Making the Most of Pay-per-Click Programs
Previously, most of the articles written for the ClickQuick Help Desk have focused on affiliate programs (i.e. pay-per-sale or pay-per-lead). With this article, we begin a two-part series taking a more detailed look at pay-per-click programs, and how you can use them effectively to boost your web site's income.
This first article focuses on helping you decide which pay-per-click programs to join. Just like affiliate programs, there are a variety of factors to look at when evaluating pay-per-click programs to determine which are best for your site, and which are going to have the best impact on your pocketbook (and your ability to fill it!). But, first let's take a quick look at why you might want to consider pay-per-click programs for your site.
Pay-per-Click programs offer a variety of advantages and disadvantages compared to affiliate programs. The advantage pay-per-click programs have are that they are generally easier to set up and maintain, and that they pay commissions even if your visitors never make any purchases.
Another key advantage of pay-per-click programs are that they are generally targeted towards a very general audience. Affiliate programs are best promoted by specifically targeting what is sold to your visitor's interests. This may make pay-per-click programs a better choice if it is difficult to determine what products or services your visitors might be interested in.
Pay-per-click programs also have disadvantages. Because of their general nature, they might not be the best choice if your site has a narrow focus and a targeted audience. Pay-per-click programs also generally pay less than affiliate programs since you are trading higher commission rates for a higher probability of earning income (since your visitors need only click, rather than purchase).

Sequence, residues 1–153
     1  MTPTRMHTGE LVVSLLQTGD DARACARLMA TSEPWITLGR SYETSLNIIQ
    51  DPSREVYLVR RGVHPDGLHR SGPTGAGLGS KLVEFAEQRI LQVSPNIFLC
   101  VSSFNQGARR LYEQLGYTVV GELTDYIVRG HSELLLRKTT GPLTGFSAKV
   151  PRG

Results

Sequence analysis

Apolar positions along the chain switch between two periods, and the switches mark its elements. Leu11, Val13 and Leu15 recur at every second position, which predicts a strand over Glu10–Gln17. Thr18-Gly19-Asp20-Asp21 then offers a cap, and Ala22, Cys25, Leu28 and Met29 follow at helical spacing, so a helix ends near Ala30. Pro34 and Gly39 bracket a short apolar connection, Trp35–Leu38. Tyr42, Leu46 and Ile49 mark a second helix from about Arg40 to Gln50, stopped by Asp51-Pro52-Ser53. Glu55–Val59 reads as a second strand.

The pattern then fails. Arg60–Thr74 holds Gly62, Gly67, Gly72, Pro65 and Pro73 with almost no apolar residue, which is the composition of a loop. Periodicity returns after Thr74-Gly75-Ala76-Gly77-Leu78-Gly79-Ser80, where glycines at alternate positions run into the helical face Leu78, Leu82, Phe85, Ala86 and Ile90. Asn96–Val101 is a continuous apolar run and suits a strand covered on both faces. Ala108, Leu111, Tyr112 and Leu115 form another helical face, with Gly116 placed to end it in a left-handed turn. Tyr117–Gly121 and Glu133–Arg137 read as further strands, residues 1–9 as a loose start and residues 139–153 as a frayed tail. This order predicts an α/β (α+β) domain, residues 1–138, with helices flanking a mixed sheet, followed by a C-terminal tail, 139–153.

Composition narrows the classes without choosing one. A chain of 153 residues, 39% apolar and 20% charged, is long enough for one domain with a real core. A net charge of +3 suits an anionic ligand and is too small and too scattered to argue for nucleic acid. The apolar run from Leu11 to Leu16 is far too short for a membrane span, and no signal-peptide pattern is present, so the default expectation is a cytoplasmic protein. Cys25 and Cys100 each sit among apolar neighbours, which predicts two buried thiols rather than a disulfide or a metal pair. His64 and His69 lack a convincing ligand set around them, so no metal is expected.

Additionally, pay-per-click programs also have the tendency to be more likely to balk on paying their affiliates or to cancel an affiliate site's membership just as payment is due (sometimes justly, sometimes not). A final disadvantage is that pay-per-click programs can't generally be promoted in email newsletters, making them unsuitable if you have developed a mailing list which relies on affiliate program income.
However, for many sites, being paid for every click, rather than waiting for a sale or two to trickle in, is an appealing advantage. If you do decide to add pay-per-click programs on your web site, there are several main factors to evaluate before signing up and adding banners to your site:
1) How do they count click-throughs?
2) What do they pay and what is their payment history?
3) What are their payment terms?
4) What are their terms and conditions of staying a member in good standing?
5) What other tools or features do they give you?
6) What is the quality of their advertisers?
Let's take a look at each of these, following many of the criteria I use when rating programs on ClickQuick.